Big & bold - Taxing the global digital economy

Digital economy is a concept that often defies traditional concepts and prototypes, overrides traditional edicts of taxation and is very often viewed suspiciously by tax authorities.

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Taxation systems in major developing economies, such as India, have been inherently familiar with underlying concepts of traditional real economy and physical cross-border trade.
In a world of integrated global trade and borderless virtual markets, the traditional concept of physical trade and real economy have been either substantially supplanted or endorsed by a ‘digital economy’. ‘Digital economy’ is a relatively recent invention due to tremendous advancement in electronic communication encompassing various genres such as internet, telecommunications, mobile applications, etc.

Taxation systems in major developing economies, such as India, have been inherently familiar with underlying concepts of traditional real economy and physical cross-border trade. The traditional residence-based and source-based concepts of taxation may not be sufficient enough to envisage the presence of a digital economy largely due to its unique amorphous nature. Digital economy is a concept that often defies traditional concepts and prototypes, overrides traditional edicts of taxation and is very often viewed suspiciously by tax authorities. Such is the resultant bewilderment that tax authorities in their zeal to tax such transactions, emanating from a digital economy trespassing borders, may not hesitate to make unreasonable assumptions not found in regular assessments.

Dispute surrounding taxation in connection with (a) valuation of intangibles in case of innovative startups (inextricably a byproduct of the digital economy), (b) commission/income derived from digital transactions in India consummated through global payment gateways, (c) attribution of profits to India operations of a global business operating electronically without physical presence, etc. are some of the instances that are testimony to the challenges surrounding taxation of digital economy in India.


OECD Model Tax Convention is based on residence-based principle while the UN Model Double Taxation Convention is based on a combination of residence-based and source-based principles. India follows residence-based taxation for its residents while foreign entities are taxed in India according to the source principle.

To tax a foreign entity in India, jurisdiction over such entity and taxable income are essentially established through permanent establishment (PE) [under relevant article of tax treaty], income characterization and relevant tax slabs under Indian tax law. Digital economy functions with significant economic presence (SEP) in a (source) country without any assets located in such source state (e.g. Airbnb, Facebook, Google, Uber, etc.) and this has considerably abjured the conventional ‘brick and mortar’ definition of PE. All three model conventions – UN, OECD and US –apply PE as the main apparatus to establish tax jurisdiction over a foreign entity. India is no exception to this dilemma where one can certainly feel the palpable presence of global internet-based businesses in our daily lives yet one may not be able to successfully tax the income generated by these global businesses from Indian market because of the inability of traditional taxation mechanisms to extend jurisdiction over these new-age digital economies.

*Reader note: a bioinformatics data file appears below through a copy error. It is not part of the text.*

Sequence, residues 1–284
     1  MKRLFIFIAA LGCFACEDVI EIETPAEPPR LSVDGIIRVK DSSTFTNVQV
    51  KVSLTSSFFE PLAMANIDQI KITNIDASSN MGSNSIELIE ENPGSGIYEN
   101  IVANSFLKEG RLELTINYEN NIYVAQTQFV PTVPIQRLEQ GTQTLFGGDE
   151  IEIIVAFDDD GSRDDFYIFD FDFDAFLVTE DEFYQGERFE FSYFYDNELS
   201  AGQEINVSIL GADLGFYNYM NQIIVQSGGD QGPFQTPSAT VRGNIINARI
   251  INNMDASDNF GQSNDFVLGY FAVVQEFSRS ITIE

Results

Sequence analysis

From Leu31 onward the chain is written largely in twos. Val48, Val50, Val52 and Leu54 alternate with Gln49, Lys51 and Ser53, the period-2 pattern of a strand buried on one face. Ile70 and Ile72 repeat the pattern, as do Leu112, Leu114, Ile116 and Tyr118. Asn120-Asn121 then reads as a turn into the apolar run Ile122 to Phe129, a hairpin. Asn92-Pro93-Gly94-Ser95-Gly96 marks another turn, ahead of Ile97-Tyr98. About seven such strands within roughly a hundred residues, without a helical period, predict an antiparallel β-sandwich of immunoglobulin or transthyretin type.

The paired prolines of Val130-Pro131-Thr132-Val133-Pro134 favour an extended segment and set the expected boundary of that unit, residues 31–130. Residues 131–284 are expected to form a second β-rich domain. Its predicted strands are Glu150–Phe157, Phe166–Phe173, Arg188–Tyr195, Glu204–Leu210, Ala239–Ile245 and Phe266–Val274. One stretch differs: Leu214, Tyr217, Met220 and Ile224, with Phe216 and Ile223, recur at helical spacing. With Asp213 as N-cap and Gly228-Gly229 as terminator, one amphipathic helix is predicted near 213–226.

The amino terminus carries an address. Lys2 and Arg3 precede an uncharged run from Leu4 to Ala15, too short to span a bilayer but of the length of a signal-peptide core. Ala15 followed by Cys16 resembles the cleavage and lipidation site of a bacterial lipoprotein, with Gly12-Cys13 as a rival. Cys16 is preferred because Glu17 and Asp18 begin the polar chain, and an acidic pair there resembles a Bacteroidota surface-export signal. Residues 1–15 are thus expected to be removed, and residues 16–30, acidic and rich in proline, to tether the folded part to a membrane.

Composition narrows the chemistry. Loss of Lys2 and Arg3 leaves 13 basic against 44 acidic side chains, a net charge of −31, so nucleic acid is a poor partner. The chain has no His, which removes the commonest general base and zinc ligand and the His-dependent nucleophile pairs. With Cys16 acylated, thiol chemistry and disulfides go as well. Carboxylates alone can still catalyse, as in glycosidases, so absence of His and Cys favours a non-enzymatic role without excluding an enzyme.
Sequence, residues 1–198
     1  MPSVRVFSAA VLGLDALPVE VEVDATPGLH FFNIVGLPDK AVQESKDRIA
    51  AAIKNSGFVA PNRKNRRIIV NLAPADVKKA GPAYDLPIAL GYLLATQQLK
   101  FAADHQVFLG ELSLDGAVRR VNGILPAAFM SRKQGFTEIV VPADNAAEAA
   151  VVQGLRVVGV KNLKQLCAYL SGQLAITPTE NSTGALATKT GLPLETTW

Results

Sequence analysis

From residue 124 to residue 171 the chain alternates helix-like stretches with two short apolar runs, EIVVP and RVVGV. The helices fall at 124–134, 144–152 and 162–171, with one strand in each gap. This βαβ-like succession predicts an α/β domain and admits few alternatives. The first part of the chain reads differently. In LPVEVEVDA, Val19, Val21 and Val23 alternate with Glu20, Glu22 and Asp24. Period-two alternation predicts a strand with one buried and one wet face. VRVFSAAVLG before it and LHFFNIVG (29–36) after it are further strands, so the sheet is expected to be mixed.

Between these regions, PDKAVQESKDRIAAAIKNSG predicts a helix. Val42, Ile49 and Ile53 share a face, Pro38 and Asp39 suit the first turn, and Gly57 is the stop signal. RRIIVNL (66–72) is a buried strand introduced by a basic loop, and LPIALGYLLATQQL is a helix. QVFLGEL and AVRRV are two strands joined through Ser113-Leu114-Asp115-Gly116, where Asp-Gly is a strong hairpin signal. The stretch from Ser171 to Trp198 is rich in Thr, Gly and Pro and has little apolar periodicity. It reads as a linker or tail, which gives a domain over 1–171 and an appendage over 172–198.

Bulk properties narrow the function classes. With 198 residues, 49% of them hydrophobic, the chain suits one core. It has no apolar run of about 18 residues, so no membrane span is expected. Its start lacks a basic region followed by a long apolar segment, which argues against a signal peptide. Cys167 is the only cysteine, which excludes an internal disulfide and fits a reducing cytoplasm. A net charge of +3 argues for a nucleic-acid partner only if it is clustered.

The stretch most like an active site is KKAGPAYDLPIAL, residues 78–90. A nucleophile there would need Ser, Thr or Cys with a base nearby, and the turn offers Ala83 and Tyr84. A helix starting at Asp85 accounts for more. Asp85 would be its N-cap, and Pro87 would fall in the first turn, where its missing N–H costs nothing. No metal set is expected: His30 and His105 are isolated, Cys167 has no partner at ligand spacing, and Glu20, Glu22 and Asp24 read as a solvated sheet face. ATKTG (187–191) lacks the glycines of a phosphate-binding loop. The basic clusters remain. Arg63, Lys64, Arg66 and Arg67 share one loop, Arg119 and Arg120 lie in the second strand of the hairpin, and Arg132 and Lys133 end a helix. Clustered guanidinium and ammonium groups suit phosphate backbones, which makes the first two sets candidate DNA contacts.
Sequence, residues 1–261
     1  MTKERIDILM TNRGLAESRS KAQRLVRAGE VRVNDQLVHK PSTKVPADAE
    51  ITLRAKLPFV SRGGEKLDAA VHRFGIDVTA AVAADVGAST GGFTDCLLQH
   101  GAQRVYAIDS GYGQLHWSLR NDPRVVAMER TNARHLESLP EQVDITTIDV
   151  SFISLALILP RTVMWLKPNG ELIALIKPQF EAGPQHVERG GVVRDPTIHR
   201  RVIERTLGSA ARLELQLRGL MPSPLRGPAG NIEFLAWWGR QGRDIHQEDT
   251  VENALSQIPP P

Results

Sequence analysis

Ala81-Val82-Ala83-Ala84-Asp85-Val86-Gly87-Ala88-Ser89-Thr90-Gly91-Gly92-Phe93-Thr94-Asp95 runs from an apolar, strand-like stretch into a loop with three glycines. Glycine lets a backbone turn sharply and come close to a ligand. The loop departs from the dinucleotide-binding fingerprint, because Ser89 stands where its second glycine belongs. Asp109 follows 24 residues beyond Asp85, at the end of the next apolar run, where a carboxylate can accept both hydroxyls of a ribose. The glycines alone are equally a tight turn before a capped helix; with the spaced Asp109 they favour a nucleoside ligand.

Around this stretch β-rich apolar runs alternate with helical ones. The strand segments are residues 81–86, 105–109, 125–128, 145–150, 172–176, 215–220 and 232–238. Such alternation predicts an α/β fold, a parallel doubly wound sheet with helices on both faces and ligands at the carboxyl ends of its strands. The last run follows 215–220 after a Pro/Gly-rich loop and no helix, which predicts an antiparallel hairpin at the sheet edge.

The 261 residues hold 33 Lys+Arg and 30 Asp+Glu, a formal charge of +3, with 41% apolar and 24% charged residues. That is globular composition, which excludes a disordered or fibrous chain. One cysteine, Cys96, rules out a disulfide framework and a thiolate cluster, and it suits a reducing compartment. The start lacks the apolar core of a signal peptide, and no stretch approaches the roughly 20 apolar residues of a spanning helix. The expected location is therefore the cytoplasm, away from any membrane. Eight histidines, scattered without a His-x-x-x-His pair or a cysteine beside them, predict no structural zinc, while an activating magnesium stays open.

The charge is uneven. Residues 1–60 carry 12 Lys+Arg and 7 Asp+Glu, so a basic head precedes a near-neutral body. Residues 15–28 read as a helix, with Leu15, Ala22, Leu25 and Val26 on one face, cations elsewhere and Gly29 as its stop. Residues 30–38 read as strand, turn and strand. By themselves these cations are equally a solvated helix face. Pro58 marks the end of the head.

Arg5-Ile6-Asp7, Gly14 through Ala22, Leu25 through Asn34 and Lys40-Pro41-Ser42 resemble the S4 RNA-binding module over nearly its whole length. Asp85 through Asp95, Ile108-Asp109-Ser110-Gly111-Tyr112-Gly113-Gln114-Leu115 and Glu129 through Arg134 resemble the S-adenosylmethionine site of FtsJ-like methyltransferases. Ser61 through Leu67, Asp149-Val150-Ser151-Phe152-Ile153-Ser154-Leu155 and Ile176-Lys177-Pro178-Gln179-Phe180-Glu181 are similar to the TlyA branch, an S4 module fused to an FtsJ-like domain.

Since 2015, OECD’s Base Erosion and Profit Shifting (BEPS) project has been discussing and debating taxation of digital economies and a two pillar approach has been adopted – Pillar One dealing with ‘Unified Approach’ and Pillar Two dealing with ‘Global Anti-Base Erosion’. Following these developments, as an active participant in these discussions, India introduced the ‘Equalization Levy’ in 2016 in its domestic income tax law. Equalization Levy deals with imposition of tax on cross-border supplies of services and intangibles. Further, the concept of SEP was introduced (vide an amendment in Section 9 of the Income-tax Act, 1961) to expand the definition of ‘business connection’ in India for a foreign entity irrespective of whether or not such foreign entity has a physical presence or PE in India. The concept of a ‘Non-resident taxable person’ has also been introduced in India’s GST legislation to cover a person who occasionally undertakes transactions involving supply of goods or services or both, whether as principal or agent or in any other capacity, but who has no fixed place of business or residence in India. A ‘Non-resident taxable person’ would need GST registration.
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While BEPS framework is still evolving, there are significant differences in approaches mainly with the US on adopting unified approach for taxation of multinational technology firms, e.g. unilateral v/s multilateral taxation approach, tax neutrality, artificial structures and anti-avoidance, parameters for PE, etc. Keeping aside its own views and differences on taxation of digital multinational enterprises, India has already started taking unilateral steps to implement such taxation in its domestic tax law.

The writer is the Managing Partner at Acuity Law.
(Disclaimer: The opinions expressed in this column are that of the writer. The facts and opinions expressed here do not reflect the views of www.economictimes.com.)
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